Burundi President Pierre Nkurunziza won a third term in office on Friday after the opposition boycotted the vote, a victory that leaves the east African nation politically divided and facing international isolation after months of unrest. Nkurunziza’s decision to seek a third term plunged Burundi into its biggest crisis since an ethnically charged civil war ended in 2005. The opposition says Nkurunziza’s bid violated the constitution and could spark another conflict. Major donors United States and the European Union, both critical of Nkurunziza, have threatened measures from cutting aid to imposing sanctions after Burundi went ahead with an election they said could not be free or fair.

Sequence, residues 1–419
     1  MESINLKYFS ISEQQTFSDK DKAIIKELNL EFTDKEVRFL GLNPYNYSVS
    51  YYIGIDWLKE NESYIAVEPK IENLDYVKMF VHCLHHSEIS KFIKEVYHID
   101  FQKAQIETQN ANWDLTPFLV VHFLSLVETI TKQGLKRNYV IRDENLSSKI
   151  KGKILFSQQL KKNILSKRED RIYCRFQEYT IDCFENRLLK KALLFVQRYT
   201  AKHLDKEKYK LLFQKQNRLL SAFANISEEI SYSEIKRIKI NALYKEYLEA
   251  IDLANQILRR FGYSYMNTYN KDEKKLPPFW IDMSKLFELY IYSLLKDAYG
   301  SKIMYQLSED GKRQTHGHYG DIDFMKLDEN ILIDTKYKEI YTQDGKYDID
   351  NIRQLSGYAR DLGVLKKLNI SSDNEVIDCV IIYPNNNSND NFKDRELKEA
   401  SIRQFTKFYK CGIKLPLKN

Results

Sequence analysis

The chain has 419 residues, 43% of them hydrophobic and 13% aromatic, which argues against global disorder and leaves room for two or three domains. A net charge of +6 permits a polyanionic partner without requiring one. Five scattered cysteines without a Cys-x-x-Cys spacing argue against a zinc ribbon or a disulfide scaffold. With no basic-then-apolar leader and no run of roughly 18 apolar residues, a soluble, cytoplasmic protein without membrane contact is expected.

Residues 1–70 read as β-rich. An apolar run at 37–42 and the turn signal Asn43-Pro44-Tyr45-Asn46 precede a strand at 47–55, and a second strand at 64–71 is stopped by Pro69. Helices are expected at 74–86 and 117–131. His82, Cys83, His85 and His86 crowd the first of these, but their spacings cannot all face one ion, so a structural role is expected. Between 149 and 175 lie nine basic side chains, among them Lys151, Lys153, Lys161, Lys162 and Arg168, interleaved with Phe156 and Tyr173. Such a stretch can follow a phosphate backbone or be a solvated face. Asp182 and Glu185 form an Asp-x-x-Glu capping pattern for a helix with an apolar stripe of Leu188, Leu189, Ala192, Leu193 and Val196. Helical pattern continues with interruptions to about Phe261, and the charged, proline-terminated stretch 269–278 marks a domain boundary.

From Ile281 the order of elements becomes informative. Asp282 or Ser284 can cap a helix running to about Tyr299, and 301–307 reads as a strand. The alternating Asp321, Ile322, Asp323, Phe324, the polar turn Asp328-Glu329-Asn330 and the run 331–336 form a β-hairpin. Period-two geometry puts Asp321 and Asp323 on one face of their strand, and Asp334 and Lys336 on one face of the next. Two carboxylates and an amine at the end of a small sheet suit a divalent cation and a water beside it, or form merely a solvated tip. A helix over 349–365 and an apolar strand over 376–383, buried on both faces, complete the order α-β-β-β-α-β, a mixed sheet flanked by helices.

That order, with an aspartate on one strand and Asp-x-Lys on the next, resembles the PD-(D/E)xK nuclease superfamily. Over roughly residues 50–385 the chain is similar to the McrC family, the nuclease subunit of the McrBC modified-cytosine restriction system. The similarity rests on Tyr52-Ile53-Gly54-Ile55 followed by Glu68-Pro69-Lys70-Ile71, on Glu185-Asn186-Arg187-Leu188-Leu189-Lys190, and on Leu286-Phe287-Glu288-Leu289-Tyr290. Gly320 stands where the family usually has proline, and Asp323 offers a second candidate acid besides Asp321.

Nkurunziza won 69.41 percent of the 2.8 million votes cast on Tuesday, winning handsomely in the rural regions where most of Burundi’s 10 million people live, the national electoral commission chief announced at a press conference on Friday. His nearest rival, Agathon Rwasa, took 18.99 percent.
The opposition, which had complained about frequent police intimidation of its members and shuttering of private media, rejected the result. “We will not recognize the outcome of this election and the institutions resulting from it,” Frederic Bamvuginyumvira, president of the opposition FRODEBU party, said after Nkurunziza was announced the winner.